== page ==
• In one embodiment, the host 1520 may conduct enumeration of the security device 1505 upon connection of the security device 1505 to the ED port 1525. Upon identifying the security device 1505 or security device 1505 type, the host 1520 may initiate the redirect driver 1530 to redirect all data transfer requests or other external device 1110 requests from all other ED ports 1535 to the security device 1505. In one embodiment, the redirect driver 1530 only accepts data transfer requests from the security device 1505, which presents the requests of the external device 1110 as a proxy. In one embodiment, the redirect driver 1530 performs data transfer requests received from the external device 1110 only after the security device 1505 has conducted its check and given its authorization. Other protocols are also possible.
  • FIG. 16 is a flowchart illustrating a method 1600 of secure data exchange between a host and an external device, in accordance with an embodiment of the present invention. The method 1600 begins in step 1605 with the security device 1505 being connected to the first ED port 1525 of the host 1520. The external device 1110 in step 1610 is connected to the second ED port 1535 of the host 1520. The host 1505 in step 1615 performs enumeration techniques to identify the security device 1505 and the external device 1110 and to install the appropriate drivers 1530/1540 to enable communication with the security device 1505 and the external device 1110. The redirect driver 1530 in step 1620 receives a data transfer request from either the host 1505 to the external device 1110 or from the external device 1110 to the host 1505. The redirect driver 1530 in step 1625 redirects the data transfer request to the security device 1505, which in step 1630 enforces its security policies (antivirus, antispyware, anti-adware, data privacy, etc.) on the data transfer request. The security device 1505 in step 1635 determines whether the data transfer request passes the security policies. If so, then the security device 1505 in step 1640 authorizes the data transfer request and the host 1520 in step 1645 performs the data transfer request. If not, then the security device 1505 in step 1650 rejects the data transfer request. Method 1600 then ends.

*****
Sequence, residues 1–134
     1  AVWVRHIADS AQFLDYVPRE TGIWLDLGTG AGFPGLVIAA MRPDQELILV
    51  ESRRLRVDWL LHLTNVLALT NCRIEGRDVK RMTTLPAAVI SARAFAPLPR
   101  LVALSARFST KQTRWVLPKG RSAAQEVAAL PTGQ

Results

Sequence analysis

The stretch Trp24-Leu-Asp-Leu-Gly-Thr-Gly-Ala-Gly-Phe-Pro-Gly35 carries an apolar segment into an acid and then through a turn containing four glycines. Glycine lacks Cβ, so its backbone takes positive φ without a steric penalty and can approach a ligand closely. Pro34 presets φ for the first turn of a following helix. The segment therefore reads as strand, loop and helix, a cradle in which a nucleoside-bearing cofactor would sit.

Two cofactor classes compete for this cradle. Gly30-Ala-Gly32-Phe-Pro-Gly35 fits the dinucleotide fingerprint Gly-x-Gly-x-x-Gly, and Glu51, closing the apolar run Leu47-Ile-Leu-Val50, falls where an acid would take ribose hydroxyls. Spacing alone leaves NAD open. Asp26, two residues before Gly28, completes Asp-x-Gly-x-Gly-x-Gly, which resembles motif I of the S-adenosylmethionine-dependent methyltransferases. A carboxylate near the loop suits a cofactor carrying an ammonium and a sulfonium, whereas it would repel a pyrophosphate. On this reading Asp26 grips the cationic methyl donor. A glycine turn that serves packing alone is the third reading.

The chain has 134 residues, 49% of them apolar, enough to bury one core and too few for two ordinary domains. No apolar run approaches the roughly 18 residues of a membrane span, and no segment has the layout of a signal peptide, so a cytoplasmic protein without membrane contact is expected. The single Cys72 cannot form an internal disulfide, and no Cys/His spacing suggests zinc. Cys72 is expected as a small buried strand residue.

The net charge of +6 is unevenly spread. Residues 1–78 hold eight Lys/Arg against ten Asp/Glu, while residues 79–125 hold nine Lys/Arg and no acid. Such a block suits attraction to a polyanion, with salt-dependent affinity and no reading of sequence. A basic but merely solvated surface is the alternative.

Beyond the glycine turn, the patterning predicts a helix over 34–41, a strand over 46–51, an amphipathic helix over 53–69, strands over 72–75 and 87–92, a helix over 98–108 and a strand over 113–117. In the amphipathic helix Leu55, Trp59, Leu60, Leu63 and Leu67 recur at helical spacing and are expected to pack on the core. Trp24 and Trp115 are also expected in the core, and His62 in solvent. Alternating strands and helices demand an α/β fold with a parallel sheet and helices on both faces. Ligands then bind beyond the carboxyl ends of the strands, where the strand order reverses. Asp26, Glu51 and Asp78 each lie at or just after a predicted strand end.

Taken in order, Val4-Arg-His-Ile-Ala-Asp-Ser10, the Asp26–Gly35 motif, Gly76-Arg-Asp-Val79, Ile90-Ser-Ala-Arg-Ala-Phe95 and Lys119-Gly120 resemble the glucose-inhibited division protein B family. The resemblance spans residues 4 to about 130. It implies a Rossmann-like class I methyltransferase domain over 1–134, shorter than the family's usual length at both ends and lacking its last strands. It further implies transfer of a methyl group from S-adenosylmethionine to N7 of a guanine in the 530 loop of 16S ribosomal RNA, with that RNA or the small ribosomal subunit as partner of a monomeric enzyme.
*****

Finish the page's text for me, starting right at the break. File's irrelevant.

• It will be appreciated that, in one embodiment, the security device 1210/1505 may be implemented as part of the host 1205/1520, e.g., within the housing of the host 1205/1520 and/or as a security procedure executed by the host 1205/1520.
  • Dynamic Isolation
  • FIG. 17 shows a prior art network system 1700 having a hardware-based firewall. The network system 1700 includes internal computers 1705 a and 1705 b, a first network interface card (NIC) 1710, a hardware-based firewall 1715 that performs network address translation (NAT), a second NIC 1720, an external network 1725 (such as the Internet), and external computers 1730 a and 1730 b.
  • The firewall 1715 is a hardware-based firewall, such as Check Point FW-1 or Cisco PIX. The firewall uses two different network ports (the first NIC 1720 and the second NIC 1720) to separate and isolate the internal computers 1705 a and 1705 b from the external network 1720. The firewall 1715 uses network address translation (NAT) to translate the Internet Protocol (IP) address of the internal computer 1705 a (denoted as IP address x) and the IP address of the internal computer 1705 b (denoted as IP address y) into a public IP address z, thus hiding the IP addresses of the internal computers 1705 a and 1705 b. The firewall 1715 performs a similar translation on the Media Access Control (MAC) addresses of the internal computers 1705 a and 1705 b.
  • The network system 1700 provides a higher level of security than PC software-based firewalls (such as Microsoft Windows Personal Firewall and Check Point ZoneAlarm) running on the internal computers 1705 a and 1705 b themselves, since PC software-based firewalls do not hide the IP and MAC addresses of the internal computers.
  • FIG. 18 shows a prior art network system 1800 having a software-based firewall. The network system 1800 includes an external network 1805 (such as the Internet), one or more NICs 1810 (denoted as 1810 a, 1810 b, 1810 n), a Network Driver Interface Specification (NDIS) driver 1815 that acts as an interface between layer 2 (the data link layer) and layer 3 (the network layer), an intermediate driver 1820 (such as MINIPort in the Microsoft Windows operating system), a software-based firewall 1825, an operating system 1830, and one or more applications 1835 (denoted as 1835 a, 1835 b, . . . 1835 m). The operating system 1830 contains a TCP/IP protocol suite 1840.